AS pressure grew on Vancouver Police and many nasty comments were posted on websites mocking them, Fincham said: “It has been suggested that police could have issued the man a by-law ticket for the incident. This was, in fact, one of the options that was contemplated, but certain underlying facts and circumstances led to the conclusion that a by-law ticket would not be appropriate.”
AS reported in this newspaper last month, a visitor from India and his friend (Mattu) who were visiting the memorial monument were allegedly threatened by the man who they say was very confrontational and attempted to engage in a physical altercation.
He made many remarks and asked: “What are you guys trying to prove?” He reportedly threw a soccer ball at the memorial. Then he urinated on the memorial and was photographed. A police complaint was made.
Asian Journal posted the story on its website www.AsianJournal.ca.
Following media inquiries about this, the Vancouver Park Board issued a statement.
“On behalf of my fellow Commissioners, we are saddened and deeply offended by this disgraceful act,” said Park Board Chair Sarah Blyth. “The monument was created in partnership with the Khalsa Diwan Society to embrace multiculturalism and remind people about the devastating impact that racial intolerance and discrimination have had upon our community.”
Parks staff cleaned the monument.
Vancouver Police first said that their hate crimes investigator was also looking at the file, but later said that they did not believe that this was a hate crime focused on any one particular group and the investigation was closed at this point.
That angered the South Asian community that felt that Vancouver Police were biased.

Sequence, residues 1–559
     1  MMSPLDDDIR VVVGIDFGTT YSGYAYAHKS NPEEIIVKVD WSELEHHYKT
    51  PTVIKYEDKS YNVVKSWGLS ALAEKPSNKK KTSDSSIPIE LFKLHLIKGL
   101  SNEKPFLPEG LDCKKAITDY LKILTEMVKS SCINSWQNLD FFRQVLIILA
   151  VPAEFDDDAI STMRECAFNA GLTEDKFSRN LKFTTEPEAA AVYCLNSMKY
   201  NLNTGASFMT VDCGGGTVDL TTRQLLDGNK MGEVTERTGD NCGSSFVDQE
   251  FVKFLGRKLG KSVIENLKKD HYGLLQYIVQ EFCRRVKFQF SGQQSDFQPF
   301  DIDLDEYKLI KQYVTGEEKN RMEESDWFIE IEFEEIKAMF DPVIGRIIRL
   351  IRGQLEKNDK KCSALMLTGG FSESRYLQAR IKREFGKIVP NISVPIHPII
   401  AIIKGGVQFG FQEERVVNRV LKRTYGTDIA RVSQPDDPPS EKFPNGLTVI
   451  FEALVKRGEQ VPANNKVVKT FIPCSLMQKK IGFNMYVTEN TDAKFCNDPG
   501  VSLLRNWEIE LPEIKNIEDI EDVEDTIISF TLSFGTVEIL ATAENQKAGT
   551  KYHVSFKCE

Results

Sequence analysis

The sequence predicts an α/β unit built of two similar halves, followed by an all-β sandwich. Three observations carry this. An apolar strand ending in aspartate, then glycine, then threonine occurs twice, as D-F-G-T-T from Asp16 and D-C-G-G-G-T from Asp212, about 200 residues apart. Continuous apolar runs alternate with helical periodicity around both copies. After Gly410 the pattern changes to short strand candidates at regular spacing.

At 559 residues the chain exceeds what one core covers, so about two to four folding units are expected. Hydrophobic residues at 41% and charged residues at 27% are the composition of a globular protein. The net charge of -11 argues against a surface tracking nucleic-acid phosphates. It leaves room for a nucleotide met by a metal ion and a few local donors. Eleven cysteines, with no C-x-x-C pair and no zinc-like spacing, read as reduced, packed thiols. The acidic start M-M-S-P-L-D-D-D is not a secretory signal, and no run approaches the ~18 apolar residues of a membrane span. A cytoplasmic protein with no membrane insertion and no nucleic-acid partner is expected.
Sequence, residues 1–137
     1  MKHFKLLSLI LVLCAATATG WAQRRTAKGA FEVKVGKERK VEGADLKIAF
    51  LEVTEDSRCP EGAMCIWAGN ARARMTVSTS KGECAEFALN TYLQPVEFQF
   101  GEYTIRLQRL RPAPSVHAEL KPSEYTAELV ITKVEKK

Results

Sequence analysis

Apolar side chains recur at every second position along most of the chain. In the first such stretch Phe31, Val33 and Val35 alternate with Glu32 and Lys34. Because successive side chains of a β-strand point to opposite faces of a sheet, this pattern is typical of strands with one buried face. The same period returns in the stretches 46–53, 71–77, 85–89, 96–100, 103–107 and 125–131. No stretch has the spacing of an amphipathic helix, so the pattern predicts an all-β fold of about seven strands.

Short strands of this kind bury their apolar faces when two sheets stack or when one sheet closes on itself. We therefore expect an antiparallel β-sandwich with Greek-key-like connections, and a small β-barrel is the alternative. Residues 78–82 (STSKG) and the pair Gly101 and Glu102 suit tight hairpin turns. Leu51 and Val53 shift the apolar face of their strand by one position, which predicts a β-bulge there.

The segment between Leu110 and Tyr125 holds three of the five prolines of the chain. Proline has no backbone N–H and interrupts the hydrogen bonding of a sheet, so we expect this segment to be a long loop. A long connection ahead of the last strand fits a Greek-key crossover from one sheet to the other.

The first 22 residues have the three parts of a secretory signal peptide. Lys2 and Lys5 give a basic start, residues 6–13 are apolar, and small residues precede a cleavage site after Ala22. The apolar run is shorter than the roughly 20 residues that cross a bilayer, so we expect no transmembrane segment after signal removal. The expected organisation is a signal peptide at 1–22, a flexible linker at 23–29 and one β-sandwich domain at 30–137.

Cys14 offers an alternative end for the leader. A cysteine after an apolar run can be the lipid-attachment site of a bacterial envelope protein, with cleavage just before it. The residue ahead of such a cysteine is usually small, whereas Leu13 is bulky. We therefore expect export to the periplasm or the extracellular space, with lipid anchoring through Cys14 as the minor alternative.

What is worse, the Vancouver Police spokesperson told the media that the white man was fairly intoxicated – something that the visitor from India and his friend said was not true.
DURING Question Period in the House of Commons last month, Tim Uppal, federal Minister of State for Multiculturalism, said: “This is indeed a disgraceful act, and we are pleased that the Vancouver police are investigating it further. This shameful incident of desecration is very upsetting.”
The Komagata Maru Monument commemorates the 376 Punjabi passengers who were aboard the ship which was turned away upon arriving on Canadian shores in 1914.
“The tragic events of the Komagata Maru were a regrettable chapter in Canada’s history,” added Uppal. “That is why our Conservative Government worked with the Khalsa Diwan Society to build this important monument and why Prime Minister Stephen Harper was the first to officially apologize for what happened to the passengers of the Komagata Maru on behalf of all Canadians.”
In spring 2014, Canada Post will mark the 100th year anniversary of the Komagata Maru incident by issuing a commemorative stamp. The idea and request for a commemorative stamp of the Komagata Maru incident was a result of the efforts of Parm Gill, Member of Parliament for Brampton-Springdale, said Uppal.